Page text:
The last 6 months have been hard for me as a runner. I DNFd my March 50 miler attempt because I was undertrained on trails and just overheated and lacking mental toughness. I struggled with summer running as it really hammered me on longer runs, and shorter ones, too. I put on 7 pounds between April and September because I couldn’t say no to chips and salsa, and sugar of all kinds. And I had no goal nor the wherewithal to set one. Welcome to Funk City, USA. Population 1.
I’ve been here before. I know Funk City well. There are no road signs warning you of its approach. There are no speed bumps forcing you to slow down. No welcome center to announce your arrival. You just look up one day and you find yourself Mayor.
The DNF embarrassed me a bit only in that I should have been able to finish that thing. And I could’ve had I been willing to walk the next 15 miles to get it done on what was already becoming a long and hot spring day in Alabama. But my heart wasn’t there. I was out of shape for trails (until that day in March the last trail run I had done was in December), and my mind was set after I got to the 30 mile mark. Get to 35, pull the plug, go home.
It go so bad near mid August that on a local trail run, I was miserable. I didn’t want to be there and wanted just to sit and stare off in the distance. For me the sign that I am losing focus on a run is how quickly I start thinking about my post run coffee. Coffee was on my mind the moment I got out of bed that morning.
After that I broke up with running for two weeks. I focused on cross training with HIIT workouts and riding my bike. The summer and my aimlessness had defeated me and I had to create fresh headspace to move on.
A slow return to running allowed me to start over. I put the summer behind me (in Alabama, summer is really never that far away) and looked to fall. Lower humidity, cooler temps. It has to arrive soon.
That I am pacing friends for 20 or so miles at a 100 miler in November has given me something to work toward. It wouldn’t be good friendship to have 100 miler runners forced to give their underprepared pacer support late in the race. To get some trail time I ran part of the Birmingham Stage Race last weekend. No way I was in shape for all three days I decided to skip day three and focus on getting feet time on dirt.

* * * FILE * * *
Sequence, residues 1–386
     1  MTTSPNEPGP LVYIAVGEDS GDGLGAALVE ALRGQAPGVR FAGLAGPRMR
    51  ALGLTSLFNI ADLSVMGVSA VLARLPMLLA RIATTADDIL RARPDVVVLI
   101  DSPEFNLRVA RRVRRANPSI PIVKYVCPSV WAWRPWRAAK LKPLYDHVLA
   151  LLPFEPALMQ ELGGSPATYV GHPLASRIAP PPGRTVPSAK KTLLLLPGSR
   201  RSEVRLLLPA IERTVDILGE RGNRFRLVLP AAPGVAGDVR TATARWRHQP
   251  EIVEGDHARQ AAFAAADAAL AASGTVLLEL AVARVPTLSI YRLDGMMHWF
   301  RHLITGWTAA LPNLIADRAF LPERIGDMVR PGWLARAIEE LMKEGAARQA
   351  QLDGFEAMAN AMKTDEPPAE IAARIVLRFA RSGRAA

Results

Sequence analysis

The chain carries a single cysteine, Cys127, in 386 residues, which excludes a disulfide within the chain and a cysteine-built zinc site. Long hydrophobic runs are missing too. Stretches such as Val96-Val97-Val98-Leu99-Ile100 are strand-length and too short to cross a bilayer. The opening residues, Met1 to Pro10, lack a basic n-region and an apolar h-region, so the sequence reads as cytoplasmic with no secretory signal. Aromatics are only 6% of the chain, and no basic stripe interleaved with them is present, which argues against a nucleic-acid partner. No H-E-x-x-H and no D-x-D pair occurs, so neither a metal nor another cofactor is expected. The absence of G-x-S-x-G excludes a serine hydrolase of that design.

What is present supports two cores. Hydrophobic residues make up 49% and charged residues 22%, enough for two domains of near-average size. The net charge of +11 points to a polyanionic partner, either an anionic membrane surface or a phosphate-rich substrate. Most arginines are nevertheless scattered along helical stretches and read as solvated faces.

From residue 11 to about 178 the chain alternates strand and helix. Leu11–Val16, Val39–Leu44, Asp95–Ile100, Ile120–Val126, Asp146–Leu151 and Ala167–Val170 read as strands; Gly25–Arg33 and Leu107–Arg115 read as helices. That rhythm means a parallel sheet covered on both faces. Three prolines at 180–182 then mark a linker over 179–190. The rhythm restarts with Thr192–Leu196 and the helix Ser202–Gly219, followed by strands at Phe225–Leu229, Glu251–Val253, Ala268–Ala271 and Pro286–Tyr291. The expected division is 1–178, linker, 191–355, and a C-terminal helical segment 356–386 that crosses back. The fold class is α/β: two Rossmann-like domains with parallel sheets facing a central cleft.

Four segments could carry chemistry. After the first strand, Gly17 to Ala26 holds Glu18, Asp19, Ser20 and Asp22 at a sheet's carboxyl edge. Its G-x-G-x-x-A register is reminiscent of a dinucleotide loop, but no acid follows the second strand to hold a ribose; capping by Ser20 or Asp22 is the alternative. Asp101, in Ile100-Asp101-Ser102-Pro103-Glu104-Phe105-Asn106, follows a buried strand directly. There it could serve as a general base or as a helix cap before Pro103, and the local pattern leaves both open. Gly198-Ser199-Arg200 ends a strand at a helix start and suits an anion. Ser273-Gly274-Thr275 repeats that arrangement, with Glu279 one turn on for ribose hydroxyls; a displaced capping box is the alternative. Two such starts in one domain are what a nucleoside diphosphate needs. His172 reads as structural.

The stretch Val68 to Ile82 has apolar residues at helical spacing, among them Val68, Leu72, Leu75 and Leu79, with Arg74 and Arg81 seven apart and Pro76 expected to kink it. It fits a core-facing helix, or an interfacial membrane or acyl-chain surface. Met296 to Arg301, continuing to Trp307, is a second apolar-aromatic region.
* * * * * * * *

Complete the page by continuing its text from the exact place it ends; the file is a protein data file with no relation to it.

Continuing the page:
Stage 1 was at Ruffner Mountain, a place I’ve run before (see here and here). This is no easy trail run. Ruffner was a former mine, supplying stone and iron ore to the local steel mills through the 1960s.
My goal was to run slow and easy. To drink lots and to eat only dates and almonds. I wanted to get power hiking time and work on long climbs. Ruffner has all that.
Other than being fabulously out of trail shape the day went as I wanted. My eating was solid and my mood only darkened in the middle of the second 9 mile loop as my fatigue built. Three almonds and dates later, I was ok. It was a long 18 mile slog, but one that not only did my body pay for in soreness, but I was thankful to have done as a shock to my system and head that I need to get back in the game.
Day two was at Red Mountain in Birmingham, yet another old mine in the heart of Birmingham. This stage was highly runnable, with access roads and wide flat trails. I only ran loop 1 since Hudson was pitching in a baseball tournament that morning. The trails will always be there, my boys won’t. Priorities and perspective. nevertheless it was a good 7 mile run and I feel energized again. I feel like I am a runner again. I feel like I have really missed trails and the people who run them. I’m thinking I want to start thinking big again: 50, 100…